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# Pouring water VI.

24 replies to this topic

### #11 cpotting

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Posted 09 October 2007 - 05:03 PM

You don't need B at all.
Fill C from A leaving 4 liters in A.
Dump out the water in C.
Then fill C from A again, leaving 1 Liter in A

Depending on your interpretation, that could be seen as 3 pours: dumping the water from C requires pouring it out.

Wait a minute! Does that mean that if I use a siphon I can claim I did it with 0 pours?!?! I'm a genius!
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Posted 05 November 2007 - 02:43 AM

I got it!

1. Continue pouring Bowl A into Bowl C until A is empty. C should now have 3 liters.
2. Pour Bowl C into Bowl B until Bowl B is full. Only 1 liter should be remaining in Bowl C after that.
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### #13 hipowertech

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Posted 05 November 2007 - 10:21 PM

okay here goes,
start by pouring the eight into the three, preferably overflowing 4 liters onto the floor because it's messy and the 8litre bowl would make a funny hat.
now pour the three into the five WITHOUT overflowing it.
that would leave you one perfectly measured litre in the 3litre bowl.

now parade around the room in your cool 8litre hat and enjoy a one litre drink!!!!!!!!!!!!!

Peace
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### #14 jec

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Posted 29 November 2007 - 06:46 PM

This is a stupid puzzle and the posted solution is incorrect.

8 liter bowl is useless
5 liter bowl is useless

To measure EXACTLY 1 LITER:

1st pour: Pour out the 2 liter bowl
2st pour: Pour the 3 liter bowl into the empty two liter bowl, stop when two liter bowl is full, 1 LITER is remaining.

3-2=1 this is true last time i checked
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### #15 rookie1ja

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Posted 29 November 2007 - 09:44 PM

This is a stupid puzzle and the posted solution is incorrect.

8 liter bowl is useless
5 liter bowl is useless

To measure EXACTLY 1 LITER:

1st pour: Pour out the 2 liter bowl
2st pour: Pour the 3 liter bowl into the empty two liter bowl, stop when two liter bowl is full, 1 LITER is remaining.

3-2=1 this is true last time i checked

that does not work since the bowls are not full ... for instance, there is no two liter bowl (the third bowl has 3 litres capacity and is filled with 2 litres)
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### #16 jec

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Posted 01 December 2007 - 12:38 AM

oops misread the puzzle, solution is correct, but solution/ puzzle could be worded better - though subtle i think adds some clarity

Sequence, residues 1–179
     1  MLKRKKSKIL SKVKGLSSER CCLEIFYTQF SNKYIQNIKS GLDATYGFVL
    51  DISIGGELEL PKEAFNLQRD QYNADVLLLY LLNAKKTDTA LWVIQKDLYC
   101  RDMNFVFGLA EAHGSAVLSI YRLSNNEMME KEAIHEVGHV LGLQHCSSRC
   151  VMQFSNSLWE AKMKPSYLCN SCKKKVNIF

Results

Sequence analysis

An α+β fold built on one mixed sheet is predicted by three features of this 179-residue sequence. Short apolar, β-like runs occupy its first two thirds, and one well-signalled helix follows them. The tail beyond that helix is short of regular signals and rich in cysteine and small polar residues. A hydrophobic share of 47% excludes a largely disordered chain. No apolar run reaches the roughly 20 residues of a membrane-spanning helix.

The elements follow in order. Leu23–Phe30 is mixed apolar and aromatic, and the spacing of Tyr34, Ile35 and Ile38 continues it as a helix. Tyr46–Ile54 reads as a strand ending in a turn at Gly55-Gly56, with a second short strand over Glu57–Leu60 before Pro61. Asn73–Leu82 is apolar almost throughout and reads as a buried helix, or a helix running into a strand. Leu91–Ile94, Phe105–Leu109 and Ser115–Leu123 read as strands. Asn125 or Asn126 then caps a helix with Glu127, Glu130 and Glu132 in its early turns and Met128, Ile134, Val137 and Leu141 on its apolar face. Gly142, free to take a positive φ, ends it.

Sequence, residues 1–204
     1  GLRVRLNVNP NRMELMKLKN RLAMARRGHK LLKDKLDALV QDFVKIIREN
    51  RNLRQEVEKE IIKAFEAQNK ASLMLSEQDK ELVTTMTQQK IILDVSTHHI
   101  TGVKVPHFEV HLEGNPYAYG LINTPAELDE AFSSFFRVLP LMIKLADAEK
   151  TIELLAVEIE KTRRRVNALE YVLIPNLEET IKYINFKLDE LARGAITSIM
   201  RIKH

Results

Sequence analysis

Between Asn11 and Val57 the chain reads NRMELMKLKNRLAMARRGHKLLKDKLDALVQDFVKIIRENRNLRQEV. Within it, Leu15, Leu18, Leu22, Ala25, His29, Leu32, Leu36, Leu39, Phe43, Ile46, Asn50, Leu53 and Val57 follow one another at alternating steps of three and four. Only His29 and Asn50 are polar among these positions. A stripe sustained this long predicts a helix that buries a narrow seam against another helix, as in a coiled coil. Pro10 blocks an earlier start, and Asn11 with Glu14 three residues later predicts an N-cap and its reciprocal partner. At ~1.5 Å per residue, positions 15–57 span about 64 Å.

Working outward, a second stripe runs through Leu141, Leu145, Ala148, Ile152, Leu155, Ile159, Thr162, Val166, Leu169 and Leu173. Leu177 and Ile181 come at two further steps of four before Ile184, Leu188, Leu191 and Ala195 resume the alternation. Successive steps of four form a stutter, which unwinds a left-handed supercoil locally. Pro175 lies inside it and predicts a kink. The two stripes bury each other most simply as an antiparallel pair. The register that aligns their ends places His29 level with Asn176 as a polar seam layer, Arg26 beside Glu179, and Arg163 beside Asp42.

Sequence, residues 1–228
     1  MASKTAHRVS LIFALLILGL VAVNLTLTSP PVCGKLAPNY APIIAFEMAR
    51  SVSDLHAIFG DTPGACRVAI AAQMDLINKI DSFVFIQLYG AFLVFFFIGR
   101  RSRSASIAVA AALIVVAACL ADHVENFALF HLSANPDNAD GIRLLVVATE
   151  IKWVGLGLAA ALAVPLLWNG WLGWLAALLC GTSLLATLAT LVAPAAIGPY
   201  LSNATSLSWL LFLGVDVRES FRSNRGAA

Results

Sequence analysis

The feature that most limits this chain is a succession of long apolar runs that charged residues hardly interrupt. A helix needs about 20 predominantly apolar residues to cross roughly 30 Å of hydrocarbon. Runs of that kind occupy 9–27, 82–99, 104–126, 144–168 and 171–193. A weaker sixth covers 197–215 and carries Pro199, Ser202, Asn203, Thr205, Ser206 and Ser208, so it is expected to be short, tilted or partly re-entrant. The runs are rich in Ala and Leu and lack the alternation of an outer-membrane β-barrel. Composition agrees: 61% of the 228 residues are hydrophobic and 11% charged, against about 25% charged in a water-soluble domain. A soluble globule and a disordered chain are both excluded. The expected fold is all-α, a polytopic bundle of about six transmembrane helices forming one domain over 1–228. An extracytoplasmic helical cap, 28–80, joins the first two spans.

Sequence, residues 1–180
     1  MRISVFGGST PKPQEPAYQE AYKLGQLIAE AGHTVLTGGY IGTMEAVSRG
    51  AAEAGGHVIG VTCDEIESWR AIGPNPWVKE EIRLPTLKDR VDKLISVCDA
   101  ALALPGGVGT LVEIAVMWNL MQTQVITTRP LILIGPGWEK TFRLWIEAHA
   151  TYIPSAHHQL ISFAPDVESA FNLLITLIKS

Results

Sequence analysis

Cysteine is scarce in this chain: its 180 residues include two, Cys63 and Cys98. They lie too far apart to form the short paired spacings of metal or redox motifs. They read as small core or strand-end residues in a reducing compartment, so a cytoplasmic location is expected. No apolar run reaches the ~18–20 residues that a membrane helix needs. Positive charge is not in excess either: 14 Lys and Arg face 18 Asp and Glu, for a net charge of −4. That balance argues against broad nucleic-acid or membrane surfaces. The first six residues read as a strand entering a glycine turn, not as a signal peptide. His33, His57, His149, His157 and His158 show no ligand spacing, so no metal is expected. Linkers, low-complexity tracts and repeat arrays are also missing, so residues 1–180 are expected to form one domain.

Having three bowls each partially filled with water.
Bowl A (8 litres capacity) has 5 litres of water.
Bowl B (5 litres capacity) has 3 litres of water.
Bowl C (3 litres capacity) has 2 litres of water.

Can you measure exactly 1 litre, pouring only 2 times?

1st Pour: Using Bowl A, fill Bowl C (which contains 2L of 3L capacity).
2nd Pour: Using Bowl C (which now contains 3L), fill Bowl B (which contains 3L of 5L capacity)
The two liters from removed from Bowl C to fill Bowl B will leave exactly 1 Liter.

possible other solution though could be difficult: empty Bowl A, place finger along edge of the middle of the edge of bowl C and pour with one stream going into empty bowl and other in to bowl B. Should give 1 liter. also if emptying doesn't count as pour could empty both A and B and get two bowl each with 1 liter. Making to equal size & shape holes at bottom of bowl would also split water well
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### #17 Sharpshark

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Posted 22 February 2008 - 03:43 AM

LOL, you guys are thinking to much. Just use a measuring cup. pouring half from one bowl, and the other half liter from another bowl. 2 pours. 1 liter.
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### #18 a1atom12

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Posted 02 March 2008 - 11:09 PM

Pour 1 liter from A B or C into a measuring cup.
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### #19 Fabio Sanchez

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Posted 19 March 2008 - 10:11 PM

You can't be sure how much 1 litre is. If you knew how much a litre couldn't you just empty one bowl and pour one litre out? Anyway, the solution i got is you pour 1 litre from A to C. Then, you pour 2 litres from C to B.
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### #20 firepumpguy

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Posted 04 May 2008 - 01:35 AM

The question says "measure" 1 liter.

Although I believe the following to be correct:

A - B - C
is
5 - 3 - 2

Pour A(-1) in to C(+1)
4 - 3 - 3

Pour C(-2) in to B(+2)
4 - 5 - 1

Altenatively to "measure" 1 liter:

5 - 3 - 2

Pour B(-1) in to C(+1)
5 - 2 - 3

Pour B(-2) in to A(+2)
7 - 0 - 3

Since A is 8 liter, the remaining space should "measure" 1 liter.
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